Adult Onset Still's Disease: A Review on Diagnostic Workup and Treatment Options.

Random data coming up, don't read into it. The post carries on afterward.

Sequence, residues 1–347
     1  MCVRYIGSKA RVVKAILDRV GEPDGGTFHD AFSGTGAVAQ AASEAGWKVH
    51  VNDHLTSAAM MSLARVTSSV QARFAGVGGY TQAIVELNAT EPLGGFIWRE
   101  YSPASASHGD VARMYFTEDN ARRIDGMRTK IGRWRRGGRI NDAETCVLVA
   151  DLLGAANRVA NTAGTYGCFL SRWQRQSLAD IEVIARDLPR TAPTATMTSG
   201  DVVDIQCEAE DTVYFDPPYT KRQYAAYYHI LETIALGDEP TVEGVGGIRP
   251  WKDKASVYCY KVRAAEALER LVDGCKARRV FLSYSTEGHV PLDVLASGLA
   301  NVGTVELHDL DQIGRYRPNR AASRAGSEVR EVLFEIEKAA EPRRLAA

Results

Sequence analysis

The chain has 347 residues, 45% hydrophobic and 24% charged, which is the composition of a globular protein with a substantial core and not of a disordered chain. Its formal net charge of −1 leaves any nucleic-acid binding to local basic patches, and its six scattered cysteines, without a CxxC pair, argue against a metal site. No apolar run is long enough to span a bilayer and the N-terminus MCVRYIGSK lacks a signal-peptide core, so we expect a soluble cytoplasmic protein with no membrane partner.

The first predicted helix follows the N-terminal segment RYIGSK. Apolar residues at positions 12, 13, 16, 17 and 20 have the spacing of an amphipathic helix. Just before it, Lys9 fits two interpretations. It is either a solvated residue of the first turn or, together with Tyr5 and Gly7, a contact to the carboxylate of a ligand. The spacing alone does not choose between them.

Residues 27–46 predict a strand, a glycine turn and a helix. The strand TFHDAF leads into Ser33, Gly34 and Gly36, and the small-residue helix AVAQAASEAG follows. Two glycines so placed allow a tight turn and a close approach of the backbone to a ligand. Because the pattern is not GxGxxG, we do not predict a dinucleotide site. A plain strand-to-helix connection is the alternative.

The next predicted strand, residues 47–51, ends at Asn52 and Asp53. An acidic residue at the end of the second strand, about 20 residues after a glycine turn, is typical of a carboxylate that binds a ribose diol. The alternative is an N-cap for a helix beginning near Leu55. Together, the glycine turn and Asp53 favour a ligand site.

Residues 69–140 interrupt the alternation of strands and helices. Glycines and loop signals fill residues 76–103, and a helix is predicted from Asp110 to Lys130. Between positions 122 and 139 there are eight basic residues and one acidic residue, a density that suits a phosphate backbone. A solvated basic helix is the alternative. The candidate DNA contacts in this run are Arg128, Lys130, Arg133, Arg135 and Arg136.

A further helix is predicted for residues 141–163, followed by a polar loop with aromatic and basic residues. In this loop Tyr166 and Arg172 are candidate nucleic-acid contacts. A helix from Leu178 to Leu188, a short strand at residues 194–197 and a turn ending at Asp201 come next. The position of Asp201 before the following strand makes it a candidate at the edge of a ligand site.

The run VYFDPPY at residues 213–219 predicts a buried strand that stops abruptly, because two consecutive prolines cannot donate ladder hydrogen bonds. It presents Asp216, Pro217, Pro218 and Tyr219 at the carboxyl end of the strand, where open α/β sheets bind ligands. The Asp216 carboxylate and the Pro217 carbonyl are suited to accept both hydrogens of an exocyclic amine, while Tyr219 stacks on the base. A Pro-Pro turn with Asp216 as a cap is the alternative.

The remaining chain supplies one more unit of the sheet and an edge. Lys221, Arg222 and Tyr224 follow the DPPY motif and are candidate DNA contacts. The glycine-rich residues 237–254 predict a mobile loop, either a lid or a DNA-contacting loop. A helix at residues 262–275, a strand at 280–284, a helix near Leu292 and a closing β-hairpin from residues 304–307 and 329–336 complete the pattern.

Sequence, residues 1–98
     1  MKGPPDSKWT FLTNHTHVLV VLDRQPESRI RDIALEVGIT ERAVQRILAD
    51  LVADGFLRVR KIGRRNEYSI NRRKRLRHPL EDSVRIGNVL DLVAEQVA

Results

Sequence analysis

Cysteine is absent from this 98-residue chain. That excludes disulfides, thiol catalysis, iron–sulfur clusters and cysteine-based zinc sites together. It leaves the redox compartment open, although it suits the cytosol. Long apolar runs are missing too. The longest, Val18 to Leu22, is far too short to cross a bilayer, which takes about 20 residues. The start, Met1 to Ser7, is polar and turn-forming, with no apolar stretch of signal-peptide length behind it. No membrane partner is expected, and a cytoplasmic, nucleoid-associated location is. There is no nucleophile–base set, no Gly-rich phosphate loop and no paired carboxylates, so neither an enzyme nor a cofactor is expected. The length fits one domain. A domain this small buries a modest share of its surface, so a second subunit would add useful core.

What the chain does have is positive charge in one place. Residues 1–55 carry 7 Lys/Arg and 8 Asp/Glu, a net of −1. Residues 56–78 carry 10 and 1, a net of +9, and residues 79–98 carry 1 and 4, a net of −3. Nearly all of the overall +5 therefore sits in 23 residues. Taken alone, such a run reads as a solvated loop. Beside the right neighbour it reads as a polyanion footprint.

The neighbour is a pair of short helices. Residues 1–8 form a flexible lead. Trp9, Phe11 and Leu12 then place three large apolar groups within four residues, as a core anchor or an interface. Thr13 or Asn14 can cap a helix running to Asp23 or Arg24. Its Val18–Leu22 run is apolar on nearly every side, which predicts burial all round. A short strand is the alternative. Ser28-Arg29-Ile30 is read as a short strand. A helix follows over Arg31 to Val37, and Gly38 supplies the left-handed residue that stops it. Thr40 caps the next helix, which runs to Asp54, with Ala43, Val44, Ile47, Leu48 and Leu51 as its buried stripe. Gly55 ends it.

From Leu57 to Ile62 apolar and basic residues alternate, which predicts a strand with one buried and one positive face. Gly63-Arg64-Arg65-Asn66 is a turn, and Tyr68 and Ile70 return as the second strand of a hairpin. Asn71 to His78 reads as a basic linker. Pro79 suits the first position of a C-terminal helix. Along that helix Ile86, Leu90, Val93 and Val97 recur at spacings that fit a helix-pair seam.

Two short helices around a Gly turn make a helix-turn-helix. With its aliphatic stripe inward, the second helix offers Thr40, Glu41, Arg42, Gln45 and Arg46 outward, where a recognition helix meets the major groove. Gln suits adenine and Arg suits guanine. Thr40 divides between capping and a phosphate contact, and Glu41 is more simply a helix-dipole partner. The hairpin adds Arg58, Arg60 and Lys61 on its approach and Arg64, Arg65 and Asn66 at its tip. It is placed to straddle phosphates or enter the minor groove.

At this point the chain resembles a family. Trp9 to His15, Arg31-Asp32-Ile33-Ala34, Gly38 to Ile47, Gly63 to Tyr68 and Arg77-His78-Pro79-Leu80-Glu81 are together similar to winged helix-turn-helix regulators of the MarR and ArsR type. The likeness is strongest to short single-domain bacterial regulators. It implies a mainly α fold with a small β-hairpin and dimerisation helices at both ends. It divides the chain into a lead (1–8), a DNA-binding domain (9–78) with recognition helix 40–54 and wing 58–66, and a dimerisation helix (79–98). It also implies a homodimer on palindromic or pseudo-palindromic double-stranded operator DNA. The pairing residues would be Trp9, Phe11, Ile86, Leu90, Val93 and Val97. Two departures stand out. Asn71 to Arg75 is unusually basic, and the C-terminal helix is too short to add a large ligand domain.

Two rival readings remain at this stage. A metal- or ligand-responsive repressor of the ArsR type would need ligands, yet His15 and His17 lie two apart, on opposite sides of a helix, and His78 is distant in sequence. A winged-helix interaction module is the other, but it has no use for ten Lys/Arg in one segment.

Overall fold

In this study we aimed to investigate the findings in patients with adult-onset Still's disease (AOSD) admitted with fever of unknown origin (FUO) during the last 18 years in our unit, in order to discover the ratio of such patients to all patients with FUO during the same period, and to determine the clinical features of AOSD in FUO. The number and the aetiologies of the patients with FUO diagnosed between 1984 and 2001, and the clinical features of those with AOSD, were taken from the patient files. The diagnosis of AOSD was reanalysed according to the diagnostic criteria of Cush et al. . The presumed diagnoses before a diagnosis of AOSD was established were also noted. The χ2 and Fisher's exact tests were used for statistical analysis. We studied 130 patients with a diagnosis of FUO, 36 (28%) of whom had collagen vascular diseases. Of these 36 patients, 20 (56%, 12 female, 8 male, mean age 34 years, range 16–65) had AOSD. Clinical and laboratory findings were as follows: fever (100%), arthralgia (90%), rash (85%), sore throat (75%), arthritis (65%), myalgia (60%), splenomegaly (40%), hepatomegaly (25%), lymphadenopathy (15%), anaemia (65%), neutrophilic leukocytosis (90%), increased erythrocyte sedimentation rate (100%), elevated transaminase levels (65%), a negative RF (100%), and a negative FANA (80%). Antibiotics had been prescribed in 18 (90%) of cases. The presumed infectious diagnoses were streptococcal tonsillitis/pharyngitis (50%), infective endocarditis (four patients), sepsis (two patients) and acute bacterial meningitis (two patients). The presumed non-infectious diagnoses were acute rheumatic fever (three patients), seronegative rheumatoid arthritis (two patients) and polymyositis (two patients). Sixteen patients were followed for a mean duration of 30 months (range 2–59). A remission was obtained with indomethacin in three cases (19%), and with prednisolone in the remainder. Relapse was detected in three cases (19%). AOSD is one of the most frequent aetiologies of FUO. During the diagnostic course of a patient with FUO, a maculopapular rash and/or arthralgia and/or sore throat should raise the suspicion of AOSD. Because the disease has heterogeneous clinical findings, certain bacterial infections (e.g. streptococcal pharyngitis and sepsis) are generally considered and the prescribing of antibiotics is common.